Sunday, February 5, 2012

An Exploration of Cheese (A GSW 1120 Honors Collaboration)

As I’ve hinted at in my Connotation Press column as well as in an episode of Spatula, I’m addicted to cheese. I eat it at least once a day, and sometimes well more than that. What’s beautiful about cheese is that no two are the same. I’ve even found very different flavor profiles among the same brand of cheese; for example, I’ve had Grass Point Farm Sharp Cheddars that are perfectly tangy and rich and others that taste like lavender dish soap; it all depends on the grass the cow ate. 

In an attempt to introduce source synthesis to the students in my food-themed Honors writing course, I took my love of cheese into the classroom. This past Thursday the nine of us chowed down five different cheeses and talked about the similarities and differences between them. Because they are an awesome, talkative, sharp bunch, our discussion was lively and intelligent. And the writing was even better.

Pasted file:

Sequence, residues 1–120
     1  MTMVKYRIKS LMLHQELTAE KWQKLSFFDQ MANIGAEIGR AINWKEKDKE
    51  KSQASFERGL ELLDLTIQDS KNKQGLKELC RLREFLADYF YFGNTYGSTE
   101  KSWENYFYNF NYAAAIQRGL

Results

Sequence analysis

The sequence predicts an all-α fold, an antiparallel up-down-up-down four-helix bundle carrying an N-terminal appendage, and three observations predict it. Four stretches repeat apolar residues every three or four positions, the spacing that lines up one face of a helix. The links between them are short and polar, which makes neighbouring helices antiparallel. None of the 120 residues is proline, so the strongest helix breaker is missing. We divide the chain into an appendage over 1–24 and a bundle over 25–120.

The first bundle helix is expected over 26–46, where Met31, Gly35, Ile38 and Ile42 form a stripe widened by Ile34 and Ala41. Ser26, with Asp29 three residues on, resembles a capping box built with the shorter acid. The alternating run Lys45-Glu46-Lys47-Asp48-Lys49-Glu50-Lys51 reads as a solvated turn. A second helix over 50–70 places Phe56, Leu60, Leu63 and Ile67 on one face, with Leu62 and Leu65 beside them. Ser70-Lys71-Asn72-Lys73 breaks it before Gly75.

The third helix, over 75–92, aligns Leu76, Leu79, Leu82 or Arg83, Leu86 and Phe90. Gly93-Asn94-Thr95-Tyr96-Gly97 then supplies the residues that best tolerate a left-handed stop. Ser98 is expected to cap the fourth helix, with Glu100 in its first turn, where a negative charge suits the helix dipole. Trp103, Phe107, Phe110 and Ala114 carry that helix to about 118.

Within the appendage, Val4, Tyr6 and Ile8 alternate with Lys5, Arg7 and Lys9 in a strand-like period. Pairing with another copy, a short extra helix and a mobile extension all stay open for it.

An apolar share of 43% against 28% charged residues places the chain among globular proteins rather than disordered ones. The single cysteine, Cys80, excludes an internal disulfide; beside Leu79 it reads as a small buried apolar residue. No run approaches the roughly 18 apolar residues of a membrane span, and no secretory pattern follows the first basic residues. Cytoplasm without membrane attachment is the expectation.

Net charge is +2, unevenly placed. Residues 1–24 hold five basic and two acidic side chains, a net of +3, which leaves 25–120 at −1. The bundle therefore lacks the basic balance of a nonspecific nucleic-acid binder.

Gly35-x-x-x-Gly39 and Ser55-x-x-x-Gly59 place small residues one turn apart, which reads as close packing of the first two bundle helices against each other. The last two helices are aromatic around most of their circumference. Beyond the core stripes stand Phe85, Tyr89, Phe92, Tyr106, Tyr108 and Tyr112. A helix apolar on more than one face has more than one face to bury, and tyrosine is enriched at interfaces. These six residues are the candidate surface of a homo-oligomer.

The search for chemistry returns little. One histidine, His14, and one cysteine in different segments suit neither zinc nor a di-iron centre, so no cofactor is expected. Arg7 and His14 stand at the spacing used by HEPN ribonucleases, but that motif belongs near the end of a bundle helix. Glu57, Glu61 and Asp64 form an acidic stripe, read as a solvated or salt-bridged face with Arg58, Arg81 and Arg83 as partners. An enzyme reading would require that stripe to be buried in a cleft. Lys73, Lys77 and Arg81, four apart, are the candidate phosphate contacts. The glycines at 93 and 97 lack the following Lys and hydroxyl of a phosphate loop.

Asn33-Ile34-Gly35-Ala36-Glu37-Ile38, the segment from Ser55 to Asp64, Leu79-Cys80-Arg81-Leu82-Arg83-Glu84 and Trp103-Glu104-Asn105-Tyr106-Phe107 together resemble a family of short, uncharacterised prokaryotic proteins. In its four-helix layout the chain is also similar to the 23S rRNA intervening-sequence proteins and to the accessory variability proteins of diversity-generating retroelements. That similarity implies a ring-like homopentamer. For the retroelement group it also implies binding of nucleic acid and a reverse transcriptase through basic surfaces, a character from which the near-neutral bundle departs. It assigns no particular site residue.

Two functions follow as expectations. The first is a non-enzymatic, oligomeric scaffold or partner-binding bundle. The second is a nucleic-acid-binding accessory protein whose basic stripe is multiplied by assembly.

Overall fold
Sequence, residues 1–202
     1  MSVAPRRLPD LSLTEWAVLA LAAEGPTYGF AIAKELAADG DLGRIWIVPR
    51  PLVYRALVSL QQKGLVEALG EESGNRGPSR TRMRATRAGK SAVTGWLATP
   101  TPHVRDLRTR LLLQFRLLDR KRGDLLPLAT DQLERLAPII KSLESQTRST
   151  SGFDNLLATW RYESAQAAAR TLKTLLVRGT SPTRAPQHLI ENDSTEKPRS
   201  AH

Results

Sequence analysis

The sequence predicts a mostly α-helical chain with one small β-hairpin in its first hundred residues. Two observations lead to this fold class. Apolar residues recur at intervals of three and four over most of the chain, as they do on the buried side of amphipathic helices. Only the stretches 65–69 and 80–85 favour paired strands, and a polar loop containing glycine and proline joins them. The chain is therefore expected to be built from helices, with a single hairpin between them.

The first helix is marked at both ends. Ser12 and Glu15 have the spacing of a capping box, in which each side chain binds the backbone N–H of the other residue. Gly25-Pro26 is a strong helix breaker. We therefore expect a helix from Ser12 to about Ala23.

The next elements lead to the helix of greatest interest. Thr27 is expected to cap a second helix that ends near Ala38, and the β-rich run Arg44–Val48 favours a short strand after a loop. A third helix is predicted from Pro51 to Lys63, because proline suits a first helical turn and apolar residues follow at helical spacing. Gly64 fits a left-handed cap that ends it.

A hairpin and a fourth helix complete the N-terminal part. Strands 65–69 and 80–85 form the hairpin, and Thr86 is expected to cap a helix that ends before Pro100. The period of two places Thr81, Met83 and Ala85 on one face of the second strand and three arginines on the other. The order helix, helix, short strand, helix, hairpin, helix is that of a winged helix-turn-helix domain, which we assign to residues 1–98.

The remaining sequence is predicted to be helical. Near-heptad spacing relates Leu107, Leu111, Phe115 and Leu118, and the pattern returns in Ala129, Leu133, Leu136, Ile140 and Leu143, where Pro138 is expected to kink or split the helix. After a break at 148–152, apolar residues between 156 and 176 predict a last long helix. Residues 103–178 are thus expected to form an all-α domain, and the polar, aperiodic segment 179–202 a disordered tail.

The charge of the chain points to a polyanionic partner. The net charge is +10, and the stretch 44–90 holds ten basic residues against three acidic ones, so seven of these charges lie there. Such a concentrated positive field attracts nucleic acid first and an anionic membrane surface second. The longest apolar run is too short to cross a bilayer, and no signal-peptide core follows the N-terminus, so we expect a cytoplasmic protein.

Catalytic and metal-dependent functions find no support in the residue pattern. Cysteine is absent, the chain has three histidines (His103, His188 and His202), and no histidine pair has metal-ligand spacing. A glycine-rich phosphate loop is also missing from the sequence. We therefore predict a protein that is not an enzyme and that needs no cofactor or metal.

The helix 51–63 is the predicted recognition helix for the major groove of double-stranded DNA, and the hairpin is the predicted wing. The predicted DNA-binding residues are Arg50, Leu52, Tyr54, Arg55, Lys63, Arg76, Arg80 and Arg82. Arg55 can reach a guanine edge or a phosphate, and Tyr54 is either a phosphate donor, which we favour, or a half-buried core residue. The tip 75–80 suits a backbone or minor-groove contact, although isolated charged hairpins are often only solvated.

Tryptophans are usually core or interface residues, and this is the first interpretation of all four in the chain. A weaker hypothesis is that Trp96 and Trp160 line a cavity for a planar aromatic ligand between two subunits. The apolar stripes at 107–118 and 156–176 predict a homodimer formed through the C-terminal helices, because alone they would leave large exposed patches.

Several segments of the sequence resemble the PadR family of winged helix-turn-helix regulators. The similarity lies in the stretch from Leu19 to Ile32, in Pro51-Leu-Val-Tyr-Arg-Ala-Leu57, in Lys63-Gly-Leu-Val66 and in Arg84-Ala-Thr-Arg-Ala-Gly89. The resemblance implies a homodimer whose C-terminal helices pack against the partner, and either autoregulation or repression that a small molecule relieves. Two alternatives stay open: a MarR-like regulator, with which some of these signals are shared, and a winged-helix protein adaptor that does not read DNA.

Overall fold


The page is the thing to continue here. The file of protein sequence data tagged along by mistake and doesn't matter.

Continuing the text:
The five cheeses we tasted and critiqued were:

Raw Milk GoatCheddar by Rosewood Products, Ann Arbor, MI bought at Whole Foods in Ann Arbor. 15.99/lb (Can be procured at Happy Badger too.)

Grass Point Farms Sharp Cheddar Cheese bought at The Anderson's. 10.99/lb

Naturally GoodKosher Extra Sharp Cheddar Cheese from Meijer. 4.99/ 1/2 lb

Kraft Easy Cheddar Cheese from Kraft Foods Global bought from Kroger. $4.29 a can.

Kroger brand Marbled CheddarCheese by Kroger bought from Kroger. $1.88 1/2 lb

Without further ado, I welcome the following guest writers to The Everyday Palate: David, Kara, Alyssa, Laura, Tiffany, Spencer, Sarah, and Jess. Please enjoy these reviews of our tasting. Preferably with a glass of red wine (or sparkling grape juice, if you’re under 21.)
From The Cookbook Chronicles
"Photography internship
with Clare Barboza"